Taking charge of your life is not a root canal

I bought “Dark Star Safari” by Paul Theroux as my reading material for the long flight from Seattle to Cape Town end of October last year. It has taken me this long to finish it. It is full of confirmations as small parts of my life from the UN and NGO years in the 90’s resurfaced to fall into their appropriate places.

It shows a very different, but also true side of Africa than the tourists usually see.

Paul narrates his travels from Cairo to Cape Town by bus, train, or boat through East Africa – countries he had visited and lived in 35 years earlier.

At some point he makes it to Johannesburg and meets with his friend, author, Nobel prize winner Nadine Godimer.  In a few, for me significant paragraphs Nadine talks with him about her life, her decision to stay in South Africa, even when things got tough. “I didn’t leave. I stayed. I saw everything. The people who left – well, you can’t blame the Africans. Life was awful for them. But the others – the whites, the writers” – she shook her head – “after they left, what did they write?”

And then it hit me: I left the States. That had become my place! My voice had become an American voice after 28 years living there. I lived most of those years as a single mother and in my empty-nest years I focused on single aging women and retirement. I lived what became my voice.

What Nadine maybe doesn’t realize is, that sometimes moving away from a known place can bring more clarity. Now that I live removed from that environment I realize that one may get so focused and submerged in the immediate issues, that it is hard to find release or proper perspective sometimes.

Changing locations brings relativity, a broader view at least. By simply comparing situations, options, available resources some of the differences become so much clearer.

One of those differences is the freedom women in the States enjoy to shape their lives, to create the solutions to their problems, to face challenges with insight and use the available resources wisely. The US is indeed the land of the free. That doesn’t mean there are no hardships, or poverty, or hopelessness, but I do believe it means that we, American women of all color and creed, are free to enjoy the ultimate freedom: the freedom to choose. There are options available to us that women worldwide, except for a few European countries maybe, can only dream of.

Let’s stop being afraid, or frustrated, or angry. It is too late for all that. Other societies are waiting for us to be that role model.  Let’s bring it on!! Step up to the plate!! Take on the challenge!!

It’s not a root canal. It’s your very life and the quality of it, we are talking about.

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  1. How nice to hear your strong voice across all the space between us.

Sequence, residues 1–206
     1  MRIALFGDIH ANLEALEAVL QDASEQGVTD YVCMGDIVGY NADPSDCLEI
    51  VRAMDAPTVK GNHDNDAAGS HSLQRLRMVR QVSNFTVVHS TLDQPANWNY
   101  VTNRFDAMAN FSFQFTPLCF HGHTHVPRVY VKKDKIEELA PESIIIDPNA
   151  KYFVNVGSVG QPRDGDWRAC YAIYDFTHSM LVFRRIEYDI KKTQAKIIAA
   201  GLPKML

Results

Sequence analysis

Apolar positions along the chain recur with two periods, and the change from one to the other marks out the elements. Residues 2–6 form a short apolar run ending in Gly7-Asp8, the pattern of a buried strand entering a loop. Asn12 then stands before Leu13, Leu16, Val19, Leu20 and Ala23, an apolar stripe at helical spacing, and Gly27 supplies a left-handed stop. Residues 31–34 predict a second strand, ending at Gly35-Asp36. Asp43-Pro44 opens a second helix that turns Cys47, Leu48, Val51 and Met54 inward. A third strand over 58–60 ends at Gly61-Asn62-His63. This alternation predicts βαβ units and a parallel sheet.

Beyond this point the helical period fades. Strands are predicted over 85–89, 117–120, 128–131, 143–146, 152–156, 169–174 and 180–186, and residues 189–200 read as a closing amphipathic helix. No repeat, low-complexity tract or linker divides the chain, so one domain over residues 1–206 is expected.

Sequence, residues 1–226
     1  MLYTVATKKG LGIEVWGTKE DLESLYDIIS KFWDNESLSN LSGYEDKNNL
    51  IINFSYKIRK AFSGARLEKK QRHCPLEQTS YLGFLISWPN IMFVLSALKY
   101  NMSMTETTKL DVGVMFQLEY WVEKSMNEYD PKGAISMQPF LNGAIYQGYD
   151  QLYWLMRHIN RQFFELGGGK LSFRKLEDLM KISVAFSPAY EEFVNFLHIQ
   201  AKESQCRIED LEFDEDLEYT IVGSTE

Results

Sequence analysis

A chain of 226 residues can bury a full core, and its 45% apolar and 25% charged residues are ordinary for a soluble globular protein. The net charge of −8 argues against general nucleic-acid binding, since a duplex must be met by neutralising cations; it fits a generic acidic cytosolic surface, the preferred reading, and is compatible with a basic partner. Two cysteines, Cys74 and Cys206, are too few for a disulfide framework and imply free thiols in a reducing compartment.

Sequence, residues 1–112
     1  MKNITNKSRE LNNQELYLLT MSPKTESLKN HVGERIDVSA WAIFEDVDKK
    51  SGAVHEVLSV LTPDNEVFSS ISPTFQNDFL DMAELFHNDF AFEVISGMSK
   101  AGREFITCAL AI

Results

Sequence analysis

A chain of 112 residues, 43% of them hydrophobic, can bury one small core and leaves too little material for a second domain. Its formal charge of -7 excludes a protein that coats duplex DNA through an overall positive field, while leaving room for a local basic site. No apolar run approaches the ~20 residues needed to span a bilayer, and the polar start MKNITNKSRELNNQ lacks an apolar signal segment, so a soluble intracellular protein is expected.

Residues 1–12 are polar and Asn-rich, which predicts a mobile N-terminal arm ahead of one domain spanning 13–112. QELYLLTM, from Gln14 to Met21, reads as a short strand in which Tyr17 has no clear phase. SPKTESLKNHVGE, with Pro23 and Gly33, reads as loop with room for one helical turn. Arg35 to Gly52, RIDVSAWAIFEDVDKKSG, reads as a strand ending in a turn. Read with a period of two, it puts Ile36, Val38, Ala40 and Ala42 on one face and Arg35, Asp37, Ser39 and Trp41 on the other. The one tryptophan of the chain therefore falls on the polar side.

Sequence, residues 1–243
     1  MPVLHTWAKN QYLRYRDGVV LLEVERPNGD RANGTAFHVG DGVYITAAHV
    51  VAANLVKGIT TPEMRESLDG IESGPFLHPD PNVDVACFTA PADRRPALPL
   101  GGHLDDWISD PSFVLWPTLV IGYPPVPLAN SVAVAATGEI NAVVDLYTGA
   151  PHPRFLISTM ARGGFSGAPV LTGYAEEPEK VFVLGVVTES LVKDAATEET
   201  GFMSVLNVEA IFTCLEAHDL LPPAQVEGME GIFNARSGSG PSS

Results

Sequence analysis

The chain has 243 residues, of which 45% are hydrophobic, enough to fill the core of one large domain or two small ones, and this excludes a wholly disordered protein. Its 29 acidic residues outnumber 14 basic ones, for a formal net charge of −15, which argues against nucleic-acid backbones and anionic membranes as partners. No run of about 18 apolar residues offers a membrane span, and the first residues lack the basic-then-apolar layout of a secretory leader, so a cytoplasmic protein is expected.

The new year brings new challenges and opportunities. I’ve found a support group to move my Norwex business to the next level. I am passionate about offering my friends the chance to clean their homes, and do their personal care, with as few chemicals as possible. This Mother Earth really needs us all to live more green.

    I’d love to hear more from you. Stay in touch!

  2. Helena says:

    What an amazing insight. And so well written. Thanks for your encouragement. We need that desperately during this time of campaigning.

  3. Marielle:

    Good to hear from you since your departure.

    Your comments and observations are interesting. What freedoms do you see in the US that are non existent in today’s South Africa? Are those limitations primarily based on race and gender?

    There’s no doubt in my mind that you will be a force for positive growth.

    Take care–

    Barbara

  4. Iris says:

    I am indeed done with being afraid to open my heart. I want to live without muting the music in me.

    Freedom comes with responsibilities. You can do whatever you want but you must remember whatever happens, you are the one who did it, not the person you blame.

    With that said, I love the freedom to be myself. It would have been much harder anywhere else in the world but in the States.

  5. Tawnya Patrick says:

    Fantastic to hear from you again!

    The USA won’t be the same without you. We need all the strong women we can get. I guess our loss is South Africa’s gain. I look forward to see what this new chapter of your life brings to your story.

    Keep in touch,

    Tawnya

  6. Thank you, Iris, for that beautiful image: I want to live without muting the music in me. That’s really what life is all about.
    Are people afraid to exercise their freedom because of the responsibilities attached to it?

  7. I have not been in South Africa long enough to say with certainty, but I know the States a little better. We are exposed in the States to a huge market, versatile, open, supporting all sorts of enterpreneurial efforts. Women in the States have networks and resources and above all, a long history of work and career building. Ceilings are higher. My point of the blog was that, very often, we ourselves are the main obstacle to success. Don’t blame the economy or the government. They both need our ingenuity and creativity to come out of this stand-still. As Iris stated: don’t mute the music in you.


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